BUDGET: SMEs granted car deductions, cashflow benefits


Government pledges two major initiatives to support small business while promising to deliver a surplus in 2012-13

BUDGET: SMEs granted car deductions, cashflow benefits
<b><font color=red>BUDGET:</b></font> SMEs granted car deductions, cashflow benefits
By Jayne Munday | May 11, 2011

The Gillard Government has pledged two major initiatives to support small business in this year’s budget while promising to deliver a surplus in 2012-13.

Confirming an announcement made by the Government earlier this week, the 2011-12 Federal Budget will provide small businesses with a $5,000 immediate write-off for cars purchased from 2012-13.

Businesses will also gain cash flow benefits from a reduction in the GDP adjustment factor (from 8 percent to 4 percent) for PAYG instalment taxpayers who use the GDP adjustment method.

This particular measure also smooths the transition from the two percent GDP adjustment that has applied for the last two years as the economy recovered from the GFC.

Other workforce-related Budget priorities announced overnight include a $3 billion Building Australia’s Future Workforce package.

Aimed at boosting participation, it includes $558 million to establish a new National Workforce Development fund and $101 million to improve apprenticeship completions.

A further $233 million will go towards getting the long-term unemployed back into the workforce and low-paid workers will be better off, with $300 a year of the Low Income Tax Offset to go into pay packets from July.

As outlined in this year’s Budget, the Government’s $22.6 billion black hole will return to a surplus of $3.5 billion in 2012-13 despite the impact of recent natural disasters.

Following 2.25 percent growth in 2010-11, real GDP growth is forecast to increase to 4 percent in 2011-12 and 3.75 percent in 2012-13.

The unemployment rate is forecast to fall from around 5 percent currently to 4.75 percent in late 2011-12 and 4.5 percent in late 2012-13.

’RISKS REMAIN’: AI GROUP
While this year’s Federal Budget is solid on the fundamentals of skills and infrastructure, the Australian Industry Group argues more could have been done to improve business capabilities and exporting.

Ai Group CEO Heather Ridout says it is "disappointing" that little has been done by the way of programs to address the lopsided nature of the economy by investing in innovation.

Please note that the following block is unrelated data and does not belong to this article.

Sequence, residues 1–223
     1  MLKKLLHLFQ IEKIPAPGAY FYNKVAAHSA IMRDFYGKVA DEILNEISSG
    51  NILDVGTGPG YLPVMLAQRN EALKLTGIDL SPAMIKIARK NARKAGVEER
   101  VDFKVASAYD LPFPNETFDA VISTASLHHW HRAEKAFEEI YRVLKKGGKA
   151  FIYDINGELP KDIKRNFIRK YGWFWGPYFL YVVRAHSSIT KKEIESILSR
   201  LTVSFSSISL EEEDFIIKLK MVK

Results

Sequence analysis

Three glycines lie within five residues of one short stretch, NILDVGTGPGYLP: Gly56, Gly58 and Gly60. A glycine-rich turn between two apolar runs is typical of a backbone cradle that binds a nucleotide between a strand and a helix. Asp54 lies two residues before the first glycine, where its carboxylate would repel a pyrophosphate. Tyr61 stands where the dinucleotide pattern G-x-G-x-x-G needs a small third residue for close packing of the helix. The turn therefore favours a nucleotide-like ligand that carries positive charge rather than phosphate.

"The Budget did not introduce welcome measures aimed at improving domestic participation in major resource sector projects for manufacturers and Ai Group will work closely with the Government in the detailed design of those measures," Ridout says.

Despite her concerns, Ridout has welcomed the establishment of a National Workforce and Productivity Agency; renewed investment in workforce skills, literacy and apprenticeships; and new investments in transport infrastructure.

"All up, this substantial package, which delivers a significant new investment over a sustained period, will stand Australia in good stead in the years ahead," Ridout says.

"The small business measures specifically, the $5,000 immediate write-off of cars from 2012-13, which comes on top of previously-announced measures for small business, and the adjustment for Pay As You Go instalments in 2011-12, are both welcome," she says.

However, she suggests that the threshold of $2 million turnover for the car write-off measures should be increased in line with the recommendations of the Henry Review.

SMALL BUSINESS ‘SHORT CHANGED’: ACCI
Similar to the Ai Group, the Australian Chamber of Commerce and Industry (ACCI) has had a mixed response to the Budget.

The ACCI says while the investment in workforce skills, skilled migration and workforce participation is wise, small business will feel "short changed".

"The extra depreciation on capital purchase of new vehicles is good but change in fringe benefits on motor vehicles could be counterproductive," CEO Peter Anderson says.

"There is no real relief on business costs, red tape or compliance," he says.

However, Anderson says the Building Australia’s Future Workforce initiatives are to be applauded.

"Similarly improvements to encourage infrastructure investment and promote transparency through published cost benefit analyses are timely."




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